A local government can create a 35-foot buffer zone to restrict speech on a public street only if it has first made a serious effort to address the issue in other ways.
That’s the lesson of McCullen v. Coakley, the Supreme-Court decision that strikes down a Massachusetts statute that makes it a crime to knowingly stand on a public way or sidewalk within 35 feet of a location where abortions are performed.
Although the Court found that the law is content-neutral—and therefore not subject to strict scrutiny—the Court ruled that the Commonwealth had “too readily foregone options” that would not substantially burden speech.
What are those options?
The Court said that the following measures “could in principle” pass muster:
Prohibit obstruction of the clinic. Another provision of the Massachusetts law subjects to criminal punishment “[a]ny person who knowlingly obstructs, detains, hinders, impedes or blocks another person’s entry to or exit from a reproductive health care facility.”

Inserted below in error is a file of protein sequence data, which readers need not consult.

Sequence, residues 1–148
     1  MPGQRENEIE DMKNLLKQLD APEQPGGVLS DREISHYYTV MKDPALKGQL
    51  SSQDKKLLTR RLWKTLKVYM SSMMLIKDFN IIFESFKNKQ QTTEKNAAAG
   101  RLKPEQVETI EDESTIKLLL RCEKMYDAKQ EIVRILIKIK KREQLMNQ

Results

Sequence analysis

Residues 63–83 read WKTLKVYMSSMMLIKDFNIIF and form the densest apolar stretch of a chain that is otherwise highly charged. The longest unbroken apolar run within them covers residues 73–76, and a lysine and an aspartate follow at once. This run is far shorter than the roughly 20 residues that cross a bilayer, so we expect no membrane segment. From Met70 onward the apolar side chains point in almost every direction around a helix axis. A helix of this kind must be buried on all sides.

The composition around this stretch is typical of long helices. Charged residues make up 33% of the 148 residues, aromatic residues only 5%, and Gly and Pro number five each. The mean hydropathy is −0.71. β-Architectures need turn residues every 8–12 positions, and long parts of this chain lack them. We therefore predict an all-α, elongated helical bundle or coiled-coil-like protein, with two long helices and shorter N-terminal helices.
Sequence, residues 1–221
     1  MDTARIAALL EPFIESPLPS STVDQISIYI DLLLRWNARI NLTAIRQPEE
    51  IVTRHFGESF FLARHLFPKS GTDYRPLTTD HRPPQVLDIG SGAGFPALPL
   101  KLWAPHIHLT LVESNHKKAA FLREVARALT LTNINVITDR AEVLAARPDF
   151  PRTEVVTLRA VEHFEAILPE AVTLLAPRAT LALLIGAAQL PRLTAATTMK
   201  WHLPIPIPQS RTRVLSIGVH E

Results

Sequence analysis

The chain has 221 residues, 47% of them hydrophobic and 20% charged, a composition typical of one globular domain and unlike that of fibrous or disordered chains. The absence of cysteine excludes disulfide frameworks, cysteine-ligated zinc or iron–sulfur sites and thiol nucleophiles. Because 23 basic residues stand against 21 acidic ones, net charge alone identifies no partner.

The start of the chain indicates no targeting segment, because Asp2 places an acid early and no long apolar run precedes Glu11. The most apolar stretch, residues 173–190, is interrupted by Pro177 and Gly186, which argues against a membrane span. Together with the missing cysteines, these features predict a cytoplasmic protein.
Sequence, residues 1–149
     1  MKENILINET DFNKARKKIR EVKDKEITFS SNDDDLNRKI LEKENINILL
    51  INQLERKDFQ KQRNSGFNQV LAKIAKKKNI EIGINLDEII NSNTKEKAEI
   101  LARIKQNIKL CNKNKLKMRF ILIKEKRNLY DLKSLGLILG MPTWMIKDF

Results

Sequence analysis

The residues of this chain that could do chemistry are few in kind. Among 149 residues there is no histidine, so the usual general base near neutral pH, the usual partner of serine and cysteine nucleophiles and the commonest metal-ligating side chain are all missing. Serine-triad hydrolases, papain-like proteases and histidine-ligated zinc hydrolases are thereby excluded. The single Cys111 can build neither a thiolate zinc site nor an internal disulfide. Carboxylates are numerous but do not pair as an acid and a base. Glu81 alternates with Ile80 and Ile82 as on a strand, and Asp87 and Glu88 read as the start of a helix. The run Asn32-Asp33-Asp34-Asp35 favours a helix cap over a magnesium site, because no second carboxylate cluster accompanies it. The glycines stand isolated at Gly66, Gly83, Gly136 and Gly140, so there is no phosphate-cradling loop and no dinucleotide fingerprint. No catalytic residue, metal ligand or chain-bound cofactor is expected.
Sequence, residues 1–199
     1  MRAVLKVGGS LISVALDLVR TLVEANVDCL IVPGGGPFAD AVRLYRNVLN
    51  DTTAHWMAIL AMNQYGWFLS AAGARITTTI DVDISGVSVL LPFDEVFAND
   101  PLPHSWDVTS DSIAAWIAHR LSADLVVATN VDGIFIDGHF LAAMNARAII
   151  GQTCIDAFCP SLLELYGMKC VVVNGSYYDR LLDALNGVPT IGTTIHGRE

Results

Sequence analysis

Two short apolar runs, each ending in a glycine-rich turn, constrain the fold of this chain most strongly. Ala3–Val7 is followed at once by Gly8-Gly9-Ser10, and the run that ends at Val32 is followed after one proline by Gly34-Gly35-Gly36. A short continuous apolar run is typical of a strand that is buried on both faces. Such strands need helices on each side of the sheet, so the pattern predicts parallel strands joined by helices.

Prevent interference and harassment. The Freedom of Access to Clinic Entrances Act of 1994 and other state and local provisions bar interfering with or harassing persons that leave clinics.
Bar other obstructions in the streets. A Worcester ordinance prevents a person from placing any obstruction in a street that obstructs passage, and a Boston ordinance prohibits soliciting in streets.
Rely on other criminal statutes. Governments can continue to rely on “generic criminal statutes forbidding assault, breach of the peace, trespass, vandalism, and the like.”
The Court stressed that a superior approach is for the government to obtain an injunction that “focuses on the precise individuals and the precise conduct causing a particular problem.” Because the law here “categorically excludes” persons from the buffer zones, in the Court’s view, it “unnecessarily sweep[s] in innocent individuals and their speech.”
As Kevin Russell notes, the Court did not indicate that simply making the buffer zone smaller would be sufficient.
[Update: I cleaned up some language in this post.]
Image courtesy of Flickr by Seth Anderson (creative commons license, no changes made).
* This blog post was originally published in IMLA Appellate Practice Blog, June 26, 2014. Republished with permission.